A top German court dealt the ECB’s “Whatever it takes” mantra something of a legal setback on Tuesday, delivering an ultimatum in the process: Fix it within three months or the Bundesbank has to stop buying bonds under the program.
“The Bundesbank may thus no longer participate in the implementation and execution of the ECB decisions at issue, unless the ECB Governing Council adopts a new decision that demonstrates… the PSPP (transactions) are not disproportionate to the economic and fiscal policy effects”, the court said.
At issue are purported risks to German state finances and the usual concerns about perpetuating zombie companies and endangering private savings. The court did say the asset purchases do not amount to direct government financing, though.
For now, this is seen more as an irritant (and a particularly ill-timed one at that) than anything else, but it does open the door to a potentially perilous situation where the Bundesbank would become an active seller, although as part of “a long-term strategy coordinated with” other eurozone countries.
Some analysts say it won’t be difficult for the ECB to satisfy the judges’ demands. “With its armada of specialists, it will be easy for the ECB to carry out such a check”, Commerzbank said. “The ECB’s bond purchases will continue. Today’s ruling won’t change that”.
Total APP purchases in April were €38.49 billion, with around 77% of that attributable to PSPP. As Morgan Stanley notes, “the total proportion of public sector purchases in the first six months of the APP is at 69.7%, compared to comfortably above 80% in prior APP programs”.
“An optimistic interpretation could be this is lots of barking without biting and that everything is fine as long as the ECB demonstrates that it has thought through the economic consequences of its decisions”, ING remarked, in the wake of the ruling. “But a pessimistic interpretation could be no amount of additional ECB analysis will convince German judges and could therefore spell the end of QE”.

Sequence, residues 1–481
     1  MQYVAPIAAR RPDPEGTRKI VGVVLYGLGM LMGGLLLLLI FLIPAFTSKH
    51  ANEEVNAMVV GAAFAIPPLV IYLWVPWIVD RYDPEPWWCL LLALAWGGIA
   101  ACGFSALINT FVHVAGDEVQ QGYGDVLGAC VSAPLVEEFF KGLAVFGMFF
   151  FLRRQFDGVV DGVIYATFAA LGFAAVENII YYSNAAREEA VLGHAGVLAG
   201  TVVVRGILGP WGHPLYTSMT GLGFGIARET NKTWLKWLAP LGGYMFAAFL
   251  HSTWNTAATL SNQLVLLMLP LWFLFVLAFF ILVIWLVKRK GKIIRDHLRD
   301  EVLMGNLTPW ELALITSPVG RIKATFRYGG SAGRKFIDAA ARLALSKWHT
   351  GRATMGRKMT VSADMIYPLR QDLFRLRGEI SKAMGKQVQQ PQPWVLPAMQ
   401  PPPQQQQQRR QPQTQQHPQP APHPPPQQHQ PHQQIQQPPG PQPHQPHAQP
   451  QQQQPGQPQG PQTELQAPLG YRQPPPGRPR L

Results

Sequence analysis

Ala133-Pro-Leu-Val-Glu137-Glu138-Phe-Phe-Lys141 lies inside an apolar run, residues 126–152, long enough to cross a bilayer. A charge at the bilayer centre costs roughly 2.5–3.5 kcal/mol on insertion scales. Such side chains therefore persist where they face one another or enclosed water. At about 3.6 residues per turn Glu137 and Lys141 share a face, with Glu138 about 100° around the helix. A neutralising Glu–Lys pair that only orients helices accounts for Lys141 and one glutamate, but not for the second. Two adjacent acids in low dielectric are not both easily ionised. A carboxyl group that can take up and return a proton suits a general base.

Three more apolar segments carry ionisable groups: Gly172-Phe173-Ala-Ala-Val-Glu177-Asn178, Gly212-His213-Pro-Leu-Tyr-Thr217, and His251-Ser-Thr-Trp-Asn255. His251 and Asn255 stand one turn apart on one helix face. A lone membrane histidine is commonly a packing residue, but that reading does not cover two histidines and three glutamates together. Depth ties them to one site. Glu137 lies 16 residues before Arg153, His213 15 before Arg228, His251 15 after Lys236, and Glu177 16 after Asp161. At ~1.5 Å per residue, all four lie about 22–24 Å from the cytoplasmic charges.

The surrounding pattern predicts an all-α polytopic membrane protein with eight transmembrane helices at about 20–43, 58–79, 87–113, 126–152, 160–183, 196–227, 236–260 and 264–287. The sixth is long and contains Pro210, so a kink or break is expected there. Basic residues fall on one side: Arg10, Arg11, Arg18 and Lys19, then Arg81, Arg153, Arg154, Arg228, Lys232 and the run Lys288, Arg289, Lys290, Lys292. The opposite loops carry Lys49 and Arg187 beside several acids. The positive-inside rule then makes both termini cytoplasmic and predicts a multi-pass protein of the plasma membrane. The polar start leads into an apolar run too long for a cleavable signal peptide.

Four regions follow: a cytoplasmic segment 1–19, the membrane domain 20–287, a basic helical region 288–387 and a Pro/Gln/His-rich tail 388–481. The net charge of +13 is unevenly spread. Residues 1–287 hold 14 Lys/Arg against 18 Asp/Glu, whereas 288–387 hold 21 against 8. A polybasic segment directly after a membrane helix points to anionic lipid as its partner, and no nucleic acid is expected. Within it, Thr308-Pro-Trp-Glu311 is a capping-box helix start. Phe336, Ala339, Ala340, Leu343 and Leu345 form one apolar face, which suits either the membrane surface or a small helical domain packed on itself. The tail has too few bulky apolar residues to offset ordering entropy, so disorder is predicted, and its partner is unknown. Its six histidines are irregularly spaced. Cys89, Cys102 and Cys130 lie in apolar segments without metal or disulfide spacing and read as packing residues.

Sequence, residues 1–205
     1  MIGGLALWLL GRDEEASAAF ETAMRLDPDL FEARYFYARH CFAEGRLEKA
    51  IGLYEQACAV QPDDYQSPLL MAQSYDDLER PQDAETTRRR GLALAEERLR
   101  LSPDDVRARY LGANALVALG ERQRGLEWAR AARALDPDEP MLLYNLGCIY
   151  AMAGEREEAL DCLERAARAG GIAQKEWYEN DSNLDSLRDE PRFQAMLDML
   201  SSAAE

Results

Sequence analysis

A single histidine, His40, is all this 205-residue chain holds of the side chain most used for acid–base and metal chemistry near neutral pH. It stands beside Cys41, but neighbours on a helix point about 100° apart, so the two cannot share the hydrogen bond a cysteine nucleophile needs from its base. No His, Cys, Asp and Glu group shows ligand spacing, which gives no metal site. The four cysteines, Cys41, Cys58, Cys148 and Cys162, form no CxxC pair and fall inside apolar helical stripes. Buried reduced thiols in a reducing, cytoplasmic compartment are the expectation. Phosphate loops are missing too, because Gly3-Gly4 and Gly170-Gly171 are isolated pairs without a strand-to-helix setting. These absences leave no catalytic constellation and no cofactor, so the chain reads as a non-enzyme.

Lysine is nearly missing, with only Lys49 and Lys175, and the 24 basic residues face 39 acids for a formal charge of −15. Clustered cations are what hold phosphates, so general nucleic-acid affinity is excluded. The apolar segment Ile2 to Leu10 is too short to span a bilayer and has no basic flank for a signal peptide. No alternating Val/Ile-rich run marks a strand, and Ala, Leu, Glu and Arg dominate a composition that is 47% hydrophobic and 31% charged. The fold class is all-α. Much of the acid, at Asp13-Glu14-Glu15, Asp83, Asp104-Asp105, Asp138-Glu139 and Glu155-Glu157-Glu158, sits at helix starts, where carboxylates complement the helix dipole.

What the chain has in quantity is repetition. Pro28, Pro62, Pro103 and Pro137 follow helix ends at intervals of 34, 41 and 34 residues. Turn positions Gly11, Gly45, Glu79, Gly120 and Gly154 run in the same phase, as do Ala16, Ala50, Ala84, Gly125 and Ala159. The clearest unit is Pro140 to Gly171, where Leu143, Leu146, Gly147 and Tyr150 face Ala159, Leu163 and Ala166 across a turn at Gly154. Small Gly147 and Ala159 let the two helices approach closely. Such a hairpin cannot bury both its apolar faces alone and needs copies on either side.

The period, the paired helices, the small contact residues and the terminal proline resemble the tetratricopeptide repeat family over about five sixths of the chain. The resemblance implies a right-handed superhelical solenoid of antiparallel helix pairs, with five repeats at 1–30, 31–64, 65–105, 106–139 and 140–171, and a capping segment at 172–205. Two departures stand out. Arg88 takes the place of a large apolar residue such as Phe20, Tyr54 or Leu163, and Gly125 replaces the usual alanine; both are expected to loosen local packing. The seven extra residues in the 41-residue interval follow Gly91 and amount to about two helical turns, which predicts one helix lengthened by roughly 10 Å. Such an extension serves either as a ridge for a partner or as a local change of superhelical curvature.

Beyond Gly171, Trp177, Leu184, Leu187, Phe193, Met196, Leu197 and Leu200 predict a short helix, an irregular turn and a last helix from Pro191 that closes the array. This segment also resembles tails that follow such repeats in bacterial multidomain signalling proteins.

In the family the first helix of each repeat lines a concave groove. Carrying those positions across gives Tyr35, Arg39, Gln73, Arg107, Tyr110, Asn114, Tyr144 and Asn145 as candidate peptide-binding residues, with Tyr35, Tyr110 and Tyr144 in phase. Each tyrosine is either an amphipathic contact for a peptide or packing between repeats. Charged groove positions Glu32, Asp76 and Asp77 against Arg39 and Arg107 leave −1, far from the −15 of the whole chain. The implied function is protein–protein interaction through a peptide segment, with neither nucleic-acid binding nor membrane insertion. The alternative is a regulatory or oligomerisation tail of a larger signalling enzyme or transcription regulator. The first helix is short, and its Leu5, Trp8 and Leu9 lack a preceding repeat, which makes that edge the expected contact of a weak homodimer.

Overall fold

I’d be inclined to call that pessimistic interpretation wholly unrealistic.
One problem with the court decision is that it could open the door to similar rulings from courts in countries that are similarly inclined. That, in turn, could further imperil European unity at a particularly delicate juncture.
Importantly, this is a long-running saga and doesn’t apply to the recently instituted pandemic purchase program, or “PEPP”, which has firepower of €750 billion, and is the ECB’s flagship virus response mechanism.
PEPP purchases have dominated the buying over the past several weeks, and just about the last thing Europe needs at a time when the fiscal response to the epidemic is still hampered by fractious politics across locales, is for the ECB to be constrained in its capacity to act.
“[Tuesday’s] decision did not concern the recent PEPP to tackle the COVID-19 crisis”, ING went on to say, in their quick take on the German court ruling. “Some might see it as an attempt to also hit PEPP but at the same time, the proportionality of PEPP in the midst of severe economic crisis will probably be less contested than QE”.
Danske notes that the latest update to PSPP purchases shows “a significant overweight towards Italy, while there was a significant underweight in buying Germany”. The visuals below give you a sense of the breakdown.
The implication, Danske writes, is that the ECB is “spending a lot of money through the PSPP and PEPP supporting the market [and] given the significant deviation in the PSPP purchases and the flexibility of the PEPP purchases, this should provide more support for the periphery”.
It should. But not if the programs are undermined by legal challenges, hence Tuesday’s weakness in Italian bonds. The BTP-bund spread widened by another 10bps at one juncture to 243.
Italy’s yield premium to Germany has widened for three months running, and the way things are going so far in May, it’ll be four.
For his part, German Finance Minister Olaf Scholz said the court decision “essentially” backs the ECB’s purchase program, and noted that Germany will find a way to ensure that what needs doing gets done across the bloc.
Meanwhile, Italian Finance Minister Roberto Gualtieri said simply “the ruling won’t affect ECB bond buying”.